“Phones can distract us,” Johnson said. “Reading or texting while walking,” she continued, sometimes result in a decreased awareness of one’s surroundings.
Petra Halbur, Journalism sophomore, said that in general, she feels safe on campus and that, although she doesn’t make frequent trips into the heart of the village, she doesn’t necessarily see Hempstead as a ‘bad’ location for a college.
“The clubs are sleazy, so if the clubs are a reflection of the town, I’d say yes. But I realize clubs are not necessarily a town’s most flattering features.”
Like Johnson, O’Malley saw Hempstead’s reputation as partly dependent on students’ upbringings. “It’s all relative to what your background is … where you’re from and what you’re used to,” O’Malley said. “People that come from different parts of the United States – they may have one or two robberies in two years’ time, and then there’s parts … that may have twenty robberies per year.”
Johnson mentioned by e-mail the methods of crime prevention that are taken here at Hofstra. For instance, the university maintains outdoor lighting on campus that is in accordance with safety standards of effective visibility at night.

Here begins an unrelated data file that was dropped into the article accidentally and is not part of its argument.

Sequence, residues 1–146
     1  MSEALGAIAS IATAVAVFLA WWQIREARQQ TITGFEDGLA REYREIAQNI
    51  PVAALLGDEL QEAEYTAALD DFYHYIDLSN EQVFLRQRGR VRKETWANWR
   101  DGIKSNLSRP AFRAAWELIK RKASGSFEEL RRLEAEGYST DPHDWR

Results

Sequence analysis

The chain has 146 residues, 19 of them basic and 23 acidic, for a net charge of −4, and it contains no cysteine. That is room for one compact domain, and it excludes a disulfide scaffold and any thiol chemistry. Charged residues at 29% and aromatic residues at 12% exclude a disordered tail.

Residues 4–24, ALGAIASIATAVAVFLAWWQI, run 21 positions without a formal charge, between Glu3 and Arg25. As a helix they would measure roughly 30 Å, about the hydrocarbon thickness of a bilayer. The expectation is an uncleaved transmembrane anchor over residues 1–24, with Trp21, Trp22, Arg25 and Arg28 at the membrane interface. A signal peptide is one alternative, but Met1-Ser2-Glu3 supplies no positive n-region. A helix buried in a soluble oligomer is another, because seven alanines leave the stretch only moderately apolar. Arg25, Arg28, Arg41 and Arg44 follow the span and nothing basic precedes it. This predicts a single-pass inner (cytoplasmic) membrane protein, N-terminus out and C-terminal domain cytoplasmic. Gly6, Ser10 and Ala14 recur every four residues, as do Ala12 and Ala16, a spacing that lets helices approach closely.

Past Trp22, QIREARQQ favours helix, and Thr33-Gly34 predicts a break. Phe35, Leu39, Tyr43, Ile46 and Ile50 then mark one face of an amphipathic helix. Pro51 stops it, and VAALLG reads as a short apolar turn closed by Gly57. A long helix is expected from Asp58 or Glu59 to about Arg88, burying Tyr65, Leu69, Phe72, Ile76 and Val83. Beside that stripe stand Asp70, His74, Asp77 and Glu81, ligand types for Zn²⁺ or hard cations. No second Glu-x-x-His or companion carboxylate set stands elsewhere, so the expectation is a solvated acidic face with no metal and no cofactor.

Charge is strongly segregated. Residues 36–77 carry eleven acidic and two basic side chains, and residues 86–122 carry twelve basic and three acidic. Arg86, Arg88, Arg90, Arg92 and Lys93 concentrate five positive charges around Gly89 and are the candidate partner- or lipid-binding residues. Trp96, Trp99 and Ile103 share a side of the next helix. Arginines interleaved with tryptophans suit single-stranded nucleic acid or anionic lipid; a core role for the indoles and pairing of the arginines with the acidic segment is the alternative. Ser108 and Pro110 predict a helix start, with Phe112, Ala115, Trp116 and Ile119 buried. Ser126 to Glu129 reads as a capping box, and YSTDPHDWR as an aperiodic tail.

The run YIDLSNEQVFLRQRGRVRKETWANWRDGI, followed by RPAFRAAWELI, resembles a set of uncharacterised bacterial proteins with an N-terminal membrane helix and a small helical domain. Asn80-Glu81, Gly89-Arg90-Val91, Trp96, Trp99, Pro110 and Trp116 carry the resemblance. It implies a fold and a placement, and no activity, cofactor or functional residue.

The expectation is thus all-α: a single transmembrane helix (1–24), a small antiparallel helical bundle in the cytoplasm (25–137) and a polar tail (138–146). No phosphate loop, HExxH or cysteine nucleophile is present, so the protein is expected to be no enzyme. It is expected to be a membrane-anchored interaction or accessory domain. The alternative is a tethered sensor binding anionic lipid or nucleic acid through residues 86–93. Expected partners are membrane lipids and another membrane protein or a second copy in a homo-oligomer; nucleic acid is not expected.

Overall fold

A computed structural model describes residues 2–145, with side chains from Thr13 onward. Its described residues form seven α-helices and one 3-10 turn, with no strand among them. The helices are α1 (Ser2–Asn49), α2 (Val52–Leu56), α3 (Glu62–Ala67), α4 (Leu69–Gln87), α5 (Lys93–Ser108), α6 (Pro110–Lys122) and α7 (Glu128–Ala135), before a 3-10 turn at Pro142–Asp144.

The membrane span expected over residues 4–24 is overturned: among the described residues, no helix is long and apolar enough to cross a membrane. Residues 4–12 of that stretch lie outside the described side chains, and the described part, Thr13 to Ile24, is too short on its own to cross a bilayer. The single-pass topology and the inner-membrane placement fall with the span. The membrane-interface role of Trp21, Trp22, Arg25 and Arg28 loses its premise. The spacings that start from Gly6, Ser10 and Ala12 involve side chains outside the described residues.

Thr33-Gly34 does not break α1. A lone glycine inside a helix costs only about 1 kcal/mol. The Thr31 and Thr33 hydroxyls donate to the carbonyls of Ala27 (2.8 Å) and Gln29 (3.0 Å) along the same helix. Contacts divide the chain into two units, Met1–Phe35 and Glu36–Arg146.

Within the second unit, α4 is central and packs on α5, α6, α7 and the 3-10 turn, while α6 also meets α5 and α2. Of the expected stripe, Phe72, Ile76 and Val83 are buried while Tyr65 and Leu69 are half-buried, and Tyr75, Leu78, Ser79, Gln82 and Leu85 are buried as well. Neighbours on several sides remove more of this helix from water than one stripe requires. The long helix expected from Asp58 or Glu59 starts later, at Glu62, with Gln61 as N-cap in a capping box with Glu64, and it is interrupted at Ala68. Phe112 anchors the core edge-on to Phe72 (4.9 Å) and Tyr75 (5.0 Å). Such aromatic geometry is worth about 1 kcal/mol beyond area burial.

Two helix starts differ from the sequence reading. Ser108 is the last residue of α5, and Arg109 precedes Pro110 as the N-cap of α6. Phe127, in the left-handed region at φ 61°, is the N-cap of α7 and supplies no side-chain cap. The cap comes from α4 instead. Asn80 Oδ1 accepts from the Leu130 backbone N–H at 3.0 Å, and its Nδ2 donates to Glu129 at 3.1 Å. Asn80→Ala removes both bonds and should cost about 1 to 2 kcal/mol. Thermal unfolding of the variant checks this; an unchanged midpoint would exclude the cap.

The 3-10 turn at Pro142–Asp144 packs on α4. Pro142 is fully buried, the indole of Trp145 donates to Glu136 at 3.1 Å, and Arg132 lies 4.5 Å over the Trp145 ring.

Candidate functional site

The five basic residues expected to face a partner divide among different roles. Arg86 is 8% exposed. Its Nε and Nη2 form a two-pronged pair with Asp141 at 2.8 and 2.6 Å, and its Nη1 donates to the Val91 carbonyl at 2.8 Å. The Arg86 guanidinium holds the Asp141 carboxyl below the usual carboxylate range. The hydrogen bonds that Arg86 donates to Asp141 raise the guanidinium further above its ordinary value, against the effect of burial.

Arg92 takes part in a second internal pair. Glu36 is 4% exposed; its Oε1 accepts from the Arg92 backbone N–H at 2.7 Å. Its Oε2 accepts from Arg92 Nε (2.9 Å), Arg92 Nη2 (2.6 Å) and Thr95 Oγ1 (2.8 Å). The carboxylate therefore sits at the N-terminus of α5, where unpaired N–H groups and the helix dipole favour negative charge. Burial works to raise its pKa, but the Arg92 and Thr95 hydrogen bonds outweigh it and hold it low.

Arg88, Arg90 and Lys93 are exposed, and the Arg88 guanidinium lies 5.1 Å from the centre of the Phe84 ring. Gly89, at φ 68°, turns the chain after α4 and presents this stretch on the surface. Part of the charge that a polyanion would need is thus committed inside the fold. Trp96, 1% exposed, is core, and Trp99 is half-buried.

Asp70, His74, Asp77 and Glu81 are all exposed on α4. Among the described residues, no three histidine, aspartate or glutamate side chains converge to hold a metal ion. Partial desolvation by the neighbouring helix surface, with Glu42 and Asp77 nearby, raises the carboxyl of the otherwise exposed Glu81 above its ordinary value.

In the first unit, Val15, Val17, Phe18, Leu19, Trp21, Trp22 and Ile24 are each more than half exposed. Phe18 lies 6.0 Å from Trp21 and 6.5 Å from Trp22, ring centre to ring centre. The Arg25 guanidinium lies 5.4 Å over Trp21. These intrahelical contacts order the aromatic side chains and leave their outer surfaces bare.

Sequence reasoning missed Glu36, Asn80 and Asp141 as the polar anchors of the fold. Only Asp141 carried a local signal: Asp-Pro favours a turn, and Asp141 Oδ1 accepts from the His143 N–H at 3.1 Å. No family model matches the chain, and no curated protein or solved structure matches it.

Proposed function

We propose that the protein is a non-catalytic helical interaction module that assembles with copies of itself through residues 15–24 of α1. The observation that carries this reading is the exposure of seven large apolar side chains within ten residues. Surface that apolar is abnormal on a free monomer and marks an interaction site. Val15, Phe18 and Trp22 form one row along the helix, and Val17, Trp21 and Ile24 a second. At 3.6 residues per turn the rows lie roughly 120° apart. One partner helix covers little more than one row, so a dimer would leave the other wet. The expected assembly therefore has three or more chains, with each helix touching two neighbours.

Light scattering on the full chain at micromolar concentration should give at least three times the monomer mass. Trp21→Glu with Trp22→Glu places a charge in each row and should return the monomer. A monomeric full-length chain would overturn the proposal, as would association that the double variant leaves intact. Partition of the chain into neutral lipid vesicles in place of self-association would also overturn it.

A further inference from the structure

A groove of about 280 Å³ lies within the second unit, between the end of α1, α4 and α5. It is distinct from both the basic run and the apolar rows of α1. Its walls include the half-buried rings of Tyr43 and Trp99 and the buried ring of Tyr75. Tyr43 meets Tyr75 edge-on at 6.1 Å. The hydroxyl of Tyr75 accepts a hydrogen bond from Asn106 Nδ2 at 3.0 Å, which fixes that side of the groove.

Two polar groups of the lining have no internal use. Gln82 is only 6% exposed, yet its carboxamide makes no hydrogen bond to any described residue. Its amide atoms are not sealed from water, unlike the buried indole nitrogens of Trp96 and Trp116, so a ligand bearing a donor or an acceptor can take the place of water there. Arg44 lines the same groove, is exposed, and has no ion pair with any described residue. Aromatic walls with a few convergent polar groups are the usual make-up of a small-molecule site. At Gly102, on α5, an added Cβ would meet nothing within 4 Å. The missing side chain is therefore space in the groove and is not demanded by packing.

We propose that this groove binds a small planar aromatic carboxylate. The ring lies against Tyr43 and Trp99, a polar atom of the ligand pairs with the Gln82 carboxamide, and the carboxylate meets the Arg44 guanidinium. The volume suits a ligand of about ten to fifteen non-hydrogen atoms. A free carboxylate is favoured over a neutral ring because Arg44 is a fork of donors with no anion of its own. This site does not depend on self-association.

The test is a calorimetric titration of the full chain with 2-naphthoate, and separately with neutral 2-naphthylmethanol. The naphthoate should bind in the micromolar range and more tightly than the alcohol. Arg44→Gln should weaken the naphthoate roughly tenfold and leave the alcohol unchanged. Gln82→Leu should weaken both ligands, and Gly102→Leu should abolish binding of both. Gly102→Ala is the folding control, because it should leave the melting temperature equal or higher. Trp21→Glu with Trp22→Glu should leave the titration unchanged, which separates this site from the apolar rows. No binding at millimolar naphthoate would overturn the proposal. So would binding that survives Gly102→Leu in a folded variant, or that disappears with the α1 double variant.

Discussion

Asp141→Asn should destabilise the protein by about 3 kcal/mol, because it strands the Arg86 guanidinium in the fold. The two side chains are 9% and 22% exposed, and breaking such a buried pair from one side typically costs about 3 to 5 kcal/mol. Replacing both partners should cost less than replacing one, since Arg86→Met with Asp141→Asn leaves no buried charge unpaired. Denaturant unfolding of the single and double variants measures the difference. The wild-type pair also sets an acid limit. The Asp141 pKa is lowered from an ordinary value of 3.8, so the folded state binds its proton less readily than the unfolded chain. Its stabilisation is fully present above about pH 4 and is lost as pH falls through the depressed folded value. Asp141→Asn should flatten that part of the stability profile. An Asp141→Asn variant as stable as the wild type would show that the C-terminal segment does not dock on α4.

“Our Public Safety and Facilities Departments conducts lighting audits on a regular basis. The outcomes vary depending on the findings and most often include new lights, change in wattage, and cutting back trees.”
After what turned out to be a false report of in-campus rape in 2009, a firm came in to complete what O’Malley termed a “complete study of public safety and the university." Johnson also noted that findings resulting from a 2010 outside consultant's audit of the campus showed that campus lighting levels “were at, or above, standards suggested by established professional agencies.”
O’Malley, speaking of Hofstra’s Public Safety officers and their performance as Hofstra representatives, said “the men and women – they go above and beyond what’s required of them.”
Enderle, a resident of Hicksville, noted in an e-mail that he never actually lived on campus, so his “interaction with Public Safety was pretty limited,” although his car did get broken into once and he lost some money. “They eventually caught the kids,” he noted. “I never got my eight dollars back though.”
Halbur speculated that she’d certainly be more concerned if violence and crime was a daily occurrence on campus or in close proximity: “If the campus was full of bloody knives and gunshots, I’d act accordingly.”